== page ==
As the first president in American history whose father had also held the office, Adams, who was born on 11 July 1767 in that part of Braintree, Massachusetts, which later became Quincy, had every advantage as a youngster. At the time of his birth, his father was an increasingly admired and prospering lawyer, and his mother, Abigail Smith Adams, was the daughter of an esteemed minister, whose wife's family combined two prestigious and influential lines, the Nortons and the Quincys. Accompanying his father on diplomatic missions in Europe, young John Quincy Adams received a splendid education at private schools in Paris, Leiden, and Amsterdam, early developing his penchant for omnivorous reading. From youth on, he began each day with a reading of several chapters of the Bible, first in one language and then another, and meticulously kept a diary that has endeared him to historians. For this careful and often fulsome record provides both an accurate description of important historical events and Adams' sometimes sour but always discerning and interesting responses to these events.
He seemed to serve an ideal apprenticeship for the office of chief executive, for in common with most of the presidents, he trained for the law after graduating from college and he made a "good marriage." The young woman Adams wed was Louisa Catherine Johnson, whose father had been a substantial merchant and whose uncle was the governor of Maryland. In addition to the positions already mentioned, Adams served as minister to the Netherlands and then to Prussia between 1797 and 1801. After serving in the Senate from 1803 to 1808, he was appointed the first United States minister to Russia in 1809, turning down an offer of membership on the Supreme Court during his half decade in St. Petersburg. Adding to his reputation was his brilliant and tough-minded performance as chief American peace commissioner in the negotiations at Ghent that ended the War of 1812 and his effectiveness as minister to Great Britain during the last two years of the Madison administration.
If Adams was in 1824 widely regarded as the most able and deserving of presidential candidates, it was not merely because he had held high diplomatic and political positions but because he had displayed such outstanding ability and such independence of mind and character in executing his assignments. The son of a leading Federalist and himself an early champion of the Federalist party, Adams proved to be anything but a slavish devotee to that political cause. When he thought the party was in the wrong, he stood ready to oppose it. In fact, as he told his father, if he thought the country was in the wrong, he could not bring himself to solicit God's approval for its course. President James Madison, a good Jeffersonian, awarded Adams the diplomatic plum of a ministry to Russia as a form of political reward for his break with his party in supporting the Jeffersonian Embargo Act of 1807, an act that was bitterly opposed throughout Adams' New England. The infuriated Massachusetts Federalists prematurely ended Adams' senatorial career. By 1808, Adams was attending the Republican party caucus that nominated Madison for the presidency.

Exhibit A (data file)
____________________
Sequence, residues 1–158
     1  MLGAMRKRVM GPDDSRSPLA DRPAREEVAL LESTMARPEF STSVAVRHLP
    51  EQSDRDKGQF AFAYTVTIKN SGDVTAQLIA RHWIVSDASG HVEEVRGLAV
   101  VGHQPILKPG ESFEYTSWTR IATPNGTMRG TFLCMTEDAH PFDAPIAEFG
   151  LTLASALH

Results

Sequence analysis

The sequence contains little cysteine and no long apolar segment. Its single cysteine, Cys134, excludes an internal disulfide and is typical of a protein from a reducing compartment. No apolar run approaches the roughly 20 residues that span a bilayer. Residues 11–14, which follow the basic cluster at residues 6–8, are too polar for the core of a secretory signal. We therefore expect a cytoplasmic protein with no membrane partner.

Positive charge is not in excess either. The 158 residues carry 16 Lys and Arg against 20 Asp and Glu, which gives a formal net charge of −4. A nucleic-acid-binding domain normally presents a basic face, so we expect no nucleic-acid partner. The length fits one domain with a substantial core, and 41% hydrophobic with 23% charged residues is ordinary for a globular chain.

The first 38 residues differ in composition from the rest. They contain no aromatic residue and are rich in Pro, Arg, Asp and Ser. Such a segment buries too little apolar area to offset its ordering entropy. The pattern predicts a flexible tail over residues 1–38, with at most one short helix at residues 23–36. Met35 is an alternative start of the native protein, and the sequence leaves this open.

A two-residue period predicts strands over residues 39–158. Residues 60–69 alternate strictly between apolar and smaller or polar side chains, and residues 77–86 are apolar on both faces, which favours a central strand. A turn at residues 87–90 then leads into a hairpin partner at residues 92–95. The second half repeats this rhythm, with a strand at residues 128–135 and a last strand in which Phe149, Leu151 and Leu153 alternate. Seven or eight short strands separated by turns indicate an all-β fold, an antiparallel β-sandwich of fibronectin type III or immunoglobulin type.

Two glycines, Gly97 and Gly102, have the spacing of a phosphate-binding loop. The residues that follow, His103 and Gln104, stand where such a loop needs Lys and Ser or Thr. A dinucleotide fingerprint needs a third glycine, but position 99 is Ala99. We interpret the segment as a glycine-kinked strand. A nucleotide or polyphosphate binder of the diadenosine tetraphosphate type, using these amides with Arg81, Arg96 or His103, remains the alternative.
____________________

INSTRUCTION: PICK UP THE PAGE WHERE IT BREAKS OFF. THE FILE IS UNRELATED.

Adams had also demonstrated his stubborn sense of independence while he was secretary of state. An uncompromising nationalist and patriot, he alone in President Monroe's cabinet opposed the censure of General Andrew Jackson for the latter's behavior in 1817. Jackson had violated the borders of Spanish Florida and came near embroiling the nation in another crisis with Great Britain over his execution of two British subjects during the course of his foray. Adams stuck to his guns, the censure motion was deflected, and within a year Florida fell into American hands for a song. And it was Adams who spurned the subsequent British offer that the two nations engage in a joint declaration against European intervention in South America; it was thus because of Adams that the Monroe Doctrine was put forward as a purely American conception.
A typical Adams in his evident conviction that he was not exceptional and that his performance of his various public tasks was inadequate, John Quincy Adams at age forty-five confided to his diary that with his life two-thirds completed, he had "done nothing to distinguish it by usefulness to [his] country or to mankind." In fact, he had demonstrated great capacity, high character, and much promise of yet greater achievement in whatever responsibilities might lie ahead. The portrait he drew of himself as a "man of reserved, cold, austere, and forbidding manners" whose adversaries ostensibly regarded him as a "gloomy misanthropist" and an "unsocial savage" may have had some point. He certainly seemed to believe that these were actual defects in his character and that he lacked the "pliability" to reform them. In truth, John Quincy Adams was not a pliable man. But in view of the austerity and near rigidity of Washington and the lack of what is nowadays called charisma in other of Adams' predecessors, Adams' defects of personality, if they were indeed that, were neither unique nor a certain obstacle to his rise.